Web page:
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U.S. Open Conditions Have Players Turning Green

This year's U.S. Open course is unlike any other, but bumpy greens and tricky tee shots have ruffled the feathers of some pros.

By Carter Woodiel | June 20, 2015

"Broccoli," "Outdoor bingo" and "Mickey Mouse golf" aren't usually the words you hear when golfers describe a course. But that's just some of what players are saying about Chambers Bay, the site of this year's U.S. Open.

The course, in Washington state, is unlike any other course in U.S. Open history. It features fine fescue grass, a U.S. Open first, known for being shorter, firmer and browner than the grasses most Americans see on the PGA Tour. (Video via PCTV)

This makes for a smooth playing surface, but also means the greens can easily dry up in the afternoon sun. (Video via Chambers Bay Golf Course)

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Henrik Stenson, of Sweden, said that's exactly what happened yesterday.

Stenson called the course "borderline laughable," adding that he "kind of lost my patience" and that the putting surface "looked like the surface of the moon."

The greens are just part of what makes Chambers Bay so unusual. A few of the holes are so changeable that they can look totally different from round to round, with the first and 18th holes even changing par depending on the day.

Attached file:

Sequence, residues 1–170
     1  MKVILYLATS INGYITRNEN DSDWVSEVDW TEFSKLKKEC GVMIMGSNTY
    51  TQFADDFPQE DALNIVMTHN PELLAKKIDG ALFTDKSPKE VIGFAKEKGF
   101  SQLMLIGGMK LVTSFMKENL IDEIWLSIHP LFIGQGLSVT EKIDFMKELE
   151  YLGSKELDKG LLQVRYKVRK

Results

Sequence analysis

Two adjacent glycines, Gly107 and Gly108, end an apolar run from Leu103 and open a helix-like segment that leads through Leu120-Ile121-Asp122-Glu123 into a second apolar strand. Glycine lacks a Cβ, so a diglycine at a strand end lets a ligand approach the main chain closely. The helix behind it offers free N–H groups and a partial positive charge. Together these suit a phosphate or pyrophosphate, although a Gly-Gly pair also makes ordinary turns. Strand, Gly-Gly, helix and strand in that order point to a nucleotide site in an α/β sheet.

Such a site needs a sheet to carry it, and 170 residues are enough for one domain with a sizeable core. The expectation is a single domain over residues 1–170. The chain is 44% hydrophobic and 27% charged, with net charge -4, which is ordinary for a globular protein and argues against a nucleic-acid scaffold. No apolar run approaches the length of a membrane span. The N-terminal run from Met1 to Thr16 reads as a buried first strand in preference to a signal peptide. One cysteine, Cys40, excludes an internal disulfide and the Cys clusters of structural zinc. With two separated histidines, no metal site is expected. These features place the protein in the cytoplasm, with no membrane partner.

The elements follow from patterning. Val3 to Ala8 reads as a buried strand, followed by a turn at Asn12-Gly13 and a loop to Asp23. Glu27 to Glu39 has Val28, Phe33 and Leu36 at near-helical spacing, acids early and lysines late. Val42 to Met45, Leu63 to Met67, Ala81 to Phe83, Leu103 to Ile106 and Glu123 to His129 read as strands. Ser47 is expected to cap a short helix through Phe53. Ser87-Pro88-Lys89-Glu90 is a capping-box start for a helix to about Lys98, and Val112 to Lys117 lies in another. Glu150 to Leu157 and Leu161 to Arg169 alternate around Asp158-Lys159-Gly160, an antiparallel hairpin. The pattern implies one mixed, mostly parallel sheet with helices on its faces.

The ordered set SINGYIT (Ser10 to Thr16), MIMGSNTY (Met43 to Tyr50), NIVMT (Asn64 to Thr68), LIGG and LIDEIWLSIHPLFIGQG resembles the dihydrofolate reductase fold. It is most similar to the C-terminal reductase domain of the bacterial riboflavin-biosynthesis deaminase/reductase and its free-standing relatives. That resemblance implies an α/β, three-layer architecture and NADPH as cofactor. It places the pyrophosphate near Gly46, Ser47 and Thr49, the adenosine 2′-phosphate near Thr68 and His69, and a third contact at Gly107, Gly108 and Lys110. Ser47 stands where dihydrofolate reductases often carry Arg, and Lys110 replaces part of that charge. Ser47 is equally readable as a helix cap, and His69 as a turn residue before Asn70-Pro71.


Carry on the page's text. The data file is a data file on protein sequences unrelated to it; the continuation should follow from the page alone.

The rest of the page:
Yesterday, the 18th was a long par four, and it didn't take long for some players to get frustrated. 

Reigning Masters champion Jordan Spieth told his caddie"This is the dumbest hole I've ever played in my life." Spieth is tied for the lead after two rounds.

Nine-time major champion Gary Player delivered his own scathing remarks in an interview with Golf Channel's Morning Drive.

"The man who designed this golf course had to have one leg shorter than the other," Player said. "It's hard to believe that you see a man miss the green by one yard and the ball ends up 50 yards down in the rough."

But not everyone is complaining about Chambers Bay. One pro pointed out how firm the greens have been at previous U.S. Opens, a tournament that's often billed as the toughest test in golf.

Branden Grace, who currently sits one shot off the lead, said the tough conditions are all part of the grind. 

"I think it's a true test, and I think it showed so far," Grace said"Obviously, the course is in great shape. It's playing firm, it's playing long, it's doing exactly what they want it to do."

No matter the difficulties, the U.S. Open soldiers on. The third round of the tournament is today, and by tomorrow night, we'll know who conquered Chambers Bay.

This video uses photographs from Getty Images.

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